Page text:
- Prof Nora Şeni is a historian, geopolitician, at Paris 8 University, and a former director of the French Institute of Anatolian Studies. Currently, she is the Editor-in-Chief of Observatoire de la Turquie Contemporaine and co-editor of RadarGazete.com. She sat down with FTP published on May 6 to talk to us about upcoming elections and the cultural factors that have led Turkey to its current state.
- This year, 2023, is rather remarkable: it is the Turkish Republic’s 100th anniversary. Why has TR tumbled into this massive crisis at every level?
How did we end up here? This is the right question to ask, but it is a matter too complex to address in a few lines. So I am going to briefly refer to one salient aspect of the political culture in Turkey which led to an incapacity of opinion makers—media/press, but also scholars, writers, artists, economic elites—to correctly identify early on the signs, symptoms and consequences of several political turns of Erdogan’s regime toward a paralyzing authoritarianism.
I think that part of the reason for this incapacity derives from the indifference, not to say the ignorance, in Turkey about the history of the Second World War and the political evolution during the thirties that led to it.
Is it because Turkey did not participate in that war that it remained outside of the occidental post-war way of thinking—particularly its literature, art production, and general mentality? The post-WW2 way of thinking in Europe and in the US was organized around understanding how such a barbarian plan, the destruction of European Jewry, could be built up within the most developed and sophisticated part of the world.
The European Union is the very creation of this wave of belief that put Peace above all other values together with the motto “never again.” The Turkish intelligentsia which supported Ankara’s candidacy to the EU was far more attracted by a European way of living than it was genuinely curious about the lessons of democracy taught by WW2.
What do you see as the solution for a stable and peaceful Turkey, given the culture, demographic changes, and global instability? Any suggestions?
One of the most toxic gifts Erdoğan has offered Turkey is to have established an “us and them.” It will be difficult to erase the deep traces left by these cleavages – especially in lifestyles and in religious practices.
Changes in educational structures have brought an end to co-education between boys and girls in a significant number of schools (imam-hatips), imposed the veil on 9-year-old girls, and introduced retrograde and racist concepts.
One should remember the anti-Semitic “pedagogical” posters in the corridors of secondary schools, discovered on the occasion of the launch of a Turkish TV series evoking the Holocaust.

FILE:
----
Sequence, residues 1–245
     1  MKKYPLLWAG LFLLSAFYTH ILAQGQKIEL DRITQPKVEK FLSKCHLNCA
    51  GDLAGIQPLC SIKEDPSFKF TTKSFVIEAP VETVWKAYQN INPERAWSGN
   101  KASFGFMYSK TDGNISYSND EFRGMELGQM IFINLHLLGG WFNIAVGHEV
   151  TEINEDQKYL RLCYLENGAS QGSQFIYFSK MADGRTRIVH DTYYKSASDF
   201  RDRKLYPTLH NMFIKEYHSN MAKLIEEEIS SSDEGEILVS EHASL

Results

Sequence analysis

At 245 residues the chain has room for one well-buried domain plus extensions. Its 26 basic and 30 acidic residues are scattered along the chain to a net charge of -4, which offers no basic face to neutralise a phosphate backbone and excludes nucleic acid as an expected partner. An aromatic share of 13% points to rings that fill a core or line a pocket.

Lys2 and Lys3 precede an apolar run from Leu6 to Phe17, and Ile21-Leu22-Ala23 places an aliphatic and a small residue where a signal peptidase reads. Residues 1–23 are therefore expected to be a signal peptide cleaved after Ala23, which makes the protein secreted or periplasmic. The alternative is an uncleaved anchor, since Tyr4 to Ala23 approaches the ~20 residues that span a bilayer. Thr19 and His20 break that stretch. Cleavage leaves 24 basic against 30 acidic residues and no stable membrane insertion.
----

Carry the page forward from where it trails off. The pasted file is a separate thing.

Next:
The theory of evolution has disappeared from the textbooks, the concept of jihad has entered them, and a ‘religious and hateful’ youth have been trained according to the explicit will of the president. It will be difficult to get rid of this conditioning for a generation that has come of age having only known the AKP regime.
The same kind of brainwashing is taking place in Russia for the entire Putin generation, as denounced in the book Un peuple qui marche au pas by Veronika Dorman and Ksenia Bolchakova.
In Turkey, where violence against women is no longer illegal after withdrawal from the Istanbul Convention, one of the first areas of reconstruction—if Kılıçdaroǧlu wins—should focus on the gender question.
The political force that I believe is capable of stimulating and driving a deep change in Turkish society is the will and determination of feminist opposition, of young women’s actions wherever they are.
I know that their influence will flourish with or without a new regime, in politics, at a national and local level, in research, in universities and inside the artistic world; in literature, cinema, design, architecture and city planning, wherever they want to do their way.
If Kılıçdaroǧlu ends up as the winner and if Erdoğan wisely and peacefully leaves the presidency, which I think is unlikely, a period of transition should begin to allow a reconfiguration of political and social power relations that reflects the true weight of political and institutional actors in public, social and economic life.
The reconquest and enlargement of a public space and of civil society., as well as the re-establishment of the rule of law, should help to get rid of identity questions like ethnicity and religion, and to put an end to the assignment of a singular and unique identity.
The creation of provisional institutions should contribute to this transformation, of which the return to parliamentary rule is a crucial step. An update of monetary policy, putting an end to the insane financial measures taken by Erdoğan, will help overcome inflation and the economic crisis.